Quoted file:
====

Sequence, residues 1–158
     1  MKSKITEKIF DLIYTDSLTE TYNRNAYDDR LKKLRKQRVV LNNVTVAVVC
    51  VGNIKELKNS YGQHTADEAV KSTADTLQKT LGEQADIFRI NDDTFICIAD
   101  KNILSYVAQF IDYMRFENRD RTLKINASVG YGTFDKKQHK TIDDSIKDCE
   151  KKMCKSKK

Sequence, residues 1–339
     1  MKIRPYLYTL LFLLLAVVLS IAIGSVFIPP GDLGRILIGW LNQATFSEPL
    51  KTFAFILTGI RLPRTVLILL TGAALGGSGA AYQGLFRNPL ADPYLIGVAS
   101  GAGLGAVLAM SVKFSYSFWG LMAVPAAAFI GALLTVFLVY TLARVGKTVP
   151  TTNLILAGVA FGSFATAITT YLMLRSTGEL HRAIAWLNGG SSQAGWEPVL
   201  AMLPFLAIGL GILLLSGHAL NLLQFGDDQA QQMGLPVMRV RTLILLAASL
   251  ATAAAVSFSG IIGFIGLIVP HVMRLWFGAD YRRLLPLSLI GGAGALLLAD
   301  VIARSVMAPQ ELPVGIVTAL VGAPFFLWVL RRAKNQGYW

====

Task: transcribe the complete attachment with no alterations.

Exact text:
Sequence, residues 1–158
     1  MKSKITEKIF DLIYTDSLTE TYNRNAYDDR LKKLRKQRVV LNNVTVAVVC
    51  VGNIKELKNS YGQHTADEAV KSTADTLQKT LGEQADIFRI NDDTFICIAD
   101  KNILSYVAQF IDYMRFENRD RTLKINASVG YGTFDKKQHK TIDDSIKDCE
   151  KKMCKSKK

Sequence, residues 1–339
     1  MKIRPYLYTL LFLLLAVVLS IAIGSVFIPP GDLGRILIGW LNQATFSEPL
    51  KTFAFILTGI RLPRTVLILL TGAALGGSGA AYQGLFRNPL ADPYLIGVAS
   101  GAGLGAVLAM SVKFSYSFWG LMAVPAAAFI GALLTVFLVY TLARVGKTVP
   151  TTNLILAGVA FGSFATAITT YLMLRSTGEL HRAIAWLNGG SSQAGWEPVL
   201  AMLPFLAIGL GILLLSGHAL NLLQFGDDQA QQMGLPVMRV RTLILLAASL
   251  ATAAAVSFSG IIGFIGLIVP HVMRLWFGAD YRRLLPLSLI GGAGALLLAD
   301  VIARSVMAPQ ELPVGIVTAL VGAPFFLWVL RRAKNQGYW